you need to take the necessary medicine

In recent months, there has been public debate about whether Argentina is heading toward hyperinflation. Obviously we have not achieved this. Those of us who have had the misfortune to experience one or more of the three previous problems that the country has experienced know the degree of impoverishment, stress and social breakdown this leads to. A few years ago in Venezuela, the “traps” set by dictator Hugo Chavez burst, and more than 80% of Venezuelans found themselves in poverty.

Real data shows that in Argentina the leadership of Alberto Fernandez and Sergio Massa created a hyperinflationary process. If we look at the rate of inflation or the equivalent value of idle dollars (at today’s prices) as in recent months, we will find that they only occurred before or after hyperinflation. That is, if someone has not yet exploded, then we go to him.

Fortunately, the change of government created a pause in the acceleration of this process. On the one hand, the current administration sought to quickly eliminate excessive expenditures that needed to be financed by the Central Bank (BCRA); which allowed us to stop broadcasting on this matter. Thus, the machine stopped working as hot as before to “put money in people’s pockets” for elections.

On the other hand, voters elected President Miley to clean up public accounts and change Argentina’s course in the hope that it would become a normal country. This hope helped curb the growing flight of the peso, with which people were trying to protect themselves from the BCRA scam, which was taking away purchasing power to finance the excessive spending of the previous government.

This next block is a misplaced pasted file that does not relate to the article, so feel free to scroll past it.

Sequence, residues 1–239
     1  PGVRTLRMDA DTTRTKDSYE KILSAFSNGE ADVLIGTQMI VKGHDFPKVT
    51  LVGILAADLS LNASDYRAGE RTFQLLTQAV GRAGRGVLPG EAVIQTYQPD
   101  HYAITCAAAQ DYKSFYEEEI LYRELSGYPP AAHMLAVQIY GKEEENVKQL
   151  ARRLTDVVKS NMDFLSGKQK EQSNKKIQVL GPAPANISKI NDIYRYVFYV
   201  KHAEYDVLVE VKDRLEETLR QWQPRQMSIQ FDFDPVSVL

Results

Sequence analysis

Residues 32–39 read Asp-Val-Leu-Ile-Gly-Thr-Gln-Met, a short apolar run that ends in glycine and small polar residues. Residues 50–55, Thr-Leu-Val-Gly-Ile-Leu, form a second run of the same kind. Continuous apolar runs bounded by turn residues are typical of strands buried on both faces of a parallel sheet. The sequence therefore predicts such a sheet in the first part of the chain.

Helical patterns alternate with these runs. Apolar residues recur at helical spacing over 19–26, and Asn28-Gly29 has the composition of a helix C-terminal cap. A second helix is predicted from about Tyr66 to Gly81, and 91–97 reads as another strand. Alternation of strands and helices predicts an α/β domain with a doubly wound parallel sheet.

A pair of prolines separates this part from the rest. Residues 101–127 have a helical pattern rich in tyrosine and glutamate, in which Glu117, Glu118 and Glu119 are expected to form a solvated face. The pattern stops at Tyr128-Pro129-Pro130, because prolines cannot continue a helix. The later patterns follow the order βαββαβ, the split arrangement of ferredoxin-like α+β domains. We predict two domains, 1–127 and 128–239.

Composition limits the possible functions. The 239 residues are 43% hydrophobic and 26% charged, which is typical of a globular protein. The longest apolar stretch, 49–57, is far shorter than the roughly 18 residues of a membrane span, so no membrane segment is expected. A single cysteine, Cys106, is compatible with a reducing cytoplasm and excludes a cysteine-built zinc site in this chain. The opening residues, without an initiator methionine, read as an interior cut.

This decline in demand for currency also contributed to the acceleration of the decline in the value of our currency. Unfortunately, the destruction of the peso’s purchasing power that has already occurred will take up to four months to be reflected in overall prices of goods and services. So, even if everything goes very well from here on out, high inflation will continue until at least the first quarter of 2024; although it will then tend to decline faster and faster.

The political leadership thus has an inescapable obligation to voters to change Argentina’s course. The taste of the medicine necessary for self-medication may not be liked by the enemy; but you have to take it. Yes, and you shouldn’t add water so it doesn’t taste so bad. A heavily diluted medicine loses its healing power, and there is no time for childishness.

The patient is in a terminal condition and unless he is given the correct treatment to ensure that people see the pattern change he requires, he will die. The flight from pesos will return and they will be held responsible for our descent into hyperinflation, and in this chaos we cannot rule out a return to demands for “Let ’em all go” in the face of a leadership that shows it prefers to protect its own and others’ corporate interests, not the demands and well-being of the vast majority of Argentines.

Aldo Abram is an economist. Director of the Freedom and Progress Foundation.

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